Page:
Retrograde spread of hydrocortisone containing foam given intrarectally in ulcerative colitis.Br Med J 1979; 2 doi: https://doi.org/10.1136/bmj.2.6194.822 (Published 06 October 1979) Cite this as: Br Med J 1979;2:822
- M J Farthing,
- M D Rutland,
- M L Clark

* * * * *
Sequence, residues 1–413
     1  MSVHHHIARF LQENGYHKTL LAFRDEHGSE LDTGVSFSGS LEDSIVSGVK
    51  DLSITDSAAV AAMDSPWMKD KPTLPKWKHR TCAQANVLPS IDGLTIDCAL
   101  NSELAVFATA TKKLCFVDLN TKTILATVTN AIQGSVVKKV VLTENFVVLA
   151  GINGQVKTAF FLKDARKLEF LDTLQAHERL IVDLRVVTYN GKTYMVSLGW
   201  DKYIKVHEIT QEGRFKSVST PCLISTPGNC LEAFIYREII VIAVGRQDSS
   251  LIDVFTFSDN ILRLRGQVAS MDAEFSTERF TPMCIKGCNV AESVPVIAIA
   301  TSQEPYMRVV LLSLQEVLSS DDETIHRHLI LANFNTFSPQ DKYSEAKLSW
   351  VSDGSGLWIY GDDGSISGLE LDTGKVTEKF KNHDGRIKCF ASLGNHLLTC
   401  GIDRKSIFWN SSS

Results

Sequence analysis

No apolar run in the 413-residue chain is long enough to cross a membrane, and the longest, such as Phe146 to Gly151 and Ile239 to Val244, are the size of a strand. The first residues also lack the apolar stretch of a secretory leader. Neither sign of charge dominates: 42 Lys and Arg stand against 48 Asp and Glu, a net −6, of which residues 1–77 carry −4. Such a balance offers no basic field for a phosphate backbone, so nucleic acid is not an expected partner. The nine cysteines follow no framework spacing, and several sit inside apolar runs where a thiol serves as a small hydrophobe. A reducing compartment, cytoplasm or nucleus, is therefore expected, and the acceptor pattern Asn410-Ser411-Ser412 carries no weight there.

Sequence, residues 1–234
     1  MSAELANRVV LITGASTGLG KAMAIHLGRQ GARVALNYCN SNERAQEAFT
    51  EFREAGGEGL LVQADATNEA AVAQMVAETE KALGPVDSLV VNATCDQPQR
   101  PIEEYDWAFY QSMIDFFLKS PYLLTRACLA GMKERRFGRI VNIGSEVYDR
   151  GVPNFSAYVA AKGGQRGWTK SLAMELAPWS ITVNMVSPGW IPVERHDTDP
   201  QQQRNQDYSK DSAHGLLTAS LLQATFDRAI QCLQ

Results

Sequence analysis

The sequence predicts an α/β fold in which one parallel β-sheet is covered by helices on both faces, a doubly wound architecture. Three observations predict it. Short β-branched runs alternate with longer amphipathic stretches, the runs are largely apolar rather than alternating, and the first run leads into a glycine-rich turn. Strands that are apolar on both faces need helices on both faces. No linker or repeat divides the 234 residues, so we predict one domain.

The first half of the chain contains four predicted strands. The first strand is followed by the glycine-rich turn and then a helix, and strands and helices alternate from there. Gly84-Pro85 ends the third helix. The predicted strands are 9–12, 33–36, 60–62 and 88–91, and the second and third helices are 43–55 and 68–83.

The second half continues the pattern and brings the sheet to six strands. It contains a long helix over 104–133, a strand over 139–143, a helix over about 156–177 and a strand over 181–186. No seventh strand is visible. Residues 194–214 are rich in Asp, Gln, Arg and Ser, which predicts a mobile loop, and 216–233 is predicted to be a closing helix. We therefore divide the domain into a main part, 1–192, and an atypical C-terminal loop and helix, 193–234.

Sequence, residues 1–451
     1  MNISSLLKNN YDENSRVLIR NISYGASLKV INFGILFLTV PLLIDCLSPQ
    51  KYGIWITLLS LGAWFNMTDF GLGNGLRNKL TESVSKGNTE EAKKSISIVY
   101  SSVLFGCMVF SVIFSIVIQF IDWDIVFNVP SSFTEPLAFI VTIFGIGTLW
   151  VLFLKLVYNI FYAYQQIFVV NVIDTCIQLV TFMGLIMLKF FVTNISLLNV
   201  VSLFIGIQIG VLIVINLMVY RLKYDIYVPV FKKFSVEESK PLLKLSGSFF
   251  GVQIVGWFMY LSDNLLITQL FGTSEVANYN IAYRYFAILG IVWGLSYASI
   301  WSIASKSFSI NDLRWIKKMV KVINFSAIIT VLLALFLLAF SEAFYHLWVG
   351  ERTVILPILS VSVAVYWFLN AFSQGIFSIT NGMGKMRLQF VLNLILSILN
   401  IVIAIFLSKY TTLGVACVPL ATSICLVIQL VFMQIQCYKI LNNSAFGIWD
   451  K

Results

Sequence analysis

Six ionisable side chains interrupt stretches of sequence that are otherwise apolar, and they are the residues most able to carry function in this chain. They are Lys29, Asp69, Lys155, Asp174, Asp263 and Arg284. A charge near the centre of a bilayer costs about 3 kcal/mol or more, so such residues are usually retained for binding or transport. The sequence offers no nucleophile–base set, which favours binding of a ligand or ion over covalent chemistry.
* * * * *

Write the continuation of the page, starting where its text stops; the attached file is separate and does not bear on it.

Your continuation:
A method is described of estimating retrograde spread through the colon of a 10% hydrocortisone acetate foam by labelling the foam with technetium-99m sulphur colloid and observing spread after intrarectal administration by serial gamma-camera pictures. The recommended 51 ml dose of foam reached the mid-sigmoid colon in all of the nine patients who had active ulcerative colitis. Furthermore, in seven the foam reached the proximal sigmoid colon. Foam spread less extensively in five patients with quiescent disease than in those with active disease. Increasing the volume of enema to 50 ml did not improve retrograde spread through the colon. These results suggest that 10% hydrocortisone foam may be useful in treating patients with distal ulcerative colitis that is not necessarily limited to the rectum.